The exact roles of some micronutrients in human nutrition are not fully understood, and as a result controversy surrounds their requirement for optimal health. One such mineral is chromium, which is involved in the metabolism of glucose, lipids and nucleic acids. Evidence suggests that chromium intakes are falling due to a combination of soil depletion and food processing. Deficiency of chromium leads to symptoms very similar to type 2 diabetes, and this has lead some authors to speculate that type 2 diabetes is partly or wholly the result of a chromium deficiency. Evidence published in the scientific literature, suggests that chromium intakes in many populations is too low1. While no immediately obvious clinical symptoms are present in many of these supposed healthy individuals, there is good reason to suspect that over time these individuals could be at increased rick of developing type 2 diabetes.
Research1 published in the American Journal of Clinical Nutrition has investigated the chromium intakes of 22 women and 10 men aged 25 to 65 years in the United States. Over 7 days, subjects were instructed to collect duplicate samples of all food eaten, which were subsequently analysed for their chromium content using atomic absorption spectroscopy. These results were checked against food composition tables to verify the results. Urine samples were also taken and analysed for chromium. The results showed that more than 90% of daily chromium intakes were below the recommended intake of 50µg. The mean daily intake for men was 33µg and for the women was 25µg. The chromium intake per 1000 calories was 14µg for men and 16µg for women. This suggests that more than 3000 calories would be required to attain the recommended 50µg chromium intake.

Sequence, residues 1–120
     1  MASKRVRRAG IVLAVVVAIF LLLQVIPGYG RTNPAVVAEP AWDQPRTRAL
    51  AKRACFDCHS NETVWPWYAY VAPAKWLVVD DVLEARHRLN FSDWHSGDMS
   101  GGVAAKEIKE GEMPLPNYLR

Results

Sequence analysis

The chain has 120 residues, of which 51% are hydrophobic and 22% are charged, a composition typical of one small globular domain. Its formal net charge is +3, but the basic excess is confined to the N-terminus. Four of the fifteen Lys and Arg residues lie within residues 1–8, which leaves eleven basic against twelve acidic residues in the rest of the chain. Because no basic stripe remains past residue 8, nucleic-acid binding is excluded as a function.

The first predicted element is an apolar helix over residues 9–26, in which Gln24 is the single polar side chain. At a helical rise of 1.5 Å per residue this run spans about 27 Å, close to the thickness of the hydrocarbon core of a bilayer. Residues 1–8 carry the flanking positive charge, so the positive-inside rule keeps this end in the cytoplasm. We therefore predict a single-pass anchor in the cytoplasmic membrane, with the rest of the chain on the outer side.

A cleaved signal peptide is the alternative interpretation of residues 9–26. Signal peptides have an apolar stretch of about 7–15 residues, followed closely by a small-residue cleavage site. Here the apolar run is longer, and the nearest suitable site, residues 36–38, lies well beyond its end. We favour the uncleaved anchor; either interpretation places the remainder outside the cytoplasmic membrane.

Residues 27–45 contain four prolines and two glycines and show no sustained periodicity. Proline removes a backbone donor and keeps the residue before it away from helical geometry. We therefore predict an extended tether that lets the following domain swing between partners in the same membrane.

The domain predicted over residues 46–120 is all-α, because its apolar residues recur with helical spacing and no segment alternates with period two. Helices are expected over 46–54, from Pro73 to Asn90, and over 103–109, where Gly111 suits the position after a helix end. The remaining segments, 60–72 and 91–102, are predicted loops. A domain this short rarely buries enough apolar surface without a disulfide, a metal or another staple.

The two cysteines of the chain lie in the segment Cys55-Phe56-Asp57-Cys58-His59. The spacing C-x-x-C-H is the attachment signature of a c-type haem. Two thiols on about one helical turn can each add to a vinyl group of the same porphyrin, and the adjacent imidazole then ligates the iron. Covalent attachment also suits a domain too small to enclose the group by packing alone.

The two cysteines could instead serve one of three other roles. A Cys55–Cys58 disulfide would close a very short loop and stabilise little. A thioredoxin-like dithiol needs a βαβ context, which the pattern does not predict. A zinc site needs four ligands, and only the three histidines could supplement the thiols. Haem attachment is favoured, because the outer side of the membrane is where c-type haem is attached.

Foods that were high in potassium, total fat, saturated fat and sodium, also tended to be highest in chromium. Other nutrients associated with chromium intakes were oleic acid, phosphorus, vitamin B6, copper, protein and total carbohydrate. Other authors have also reported associations between copper and chromium intakes. The mean 7-day chromium excretion rate was 0.19µg/d. The absorption of chromium was calculated from the excreted chromium divided by the total dietary intake multiplied by 100. Using this method, chromium absorption was found to be proportional to the intake, such that at 10µg intakes the absorption was around ≈2%, but at 40 µg the absorption dropped to ≈0.5%. Care was taken in this study to ensure that chromium did not contaminate the homogenised food during preparation. This is important because chromium can leach out of steel blender blades and steel containers and contaminate samples before analysis.
Figure 1. Chromium intakes of subjects from diet analysis1.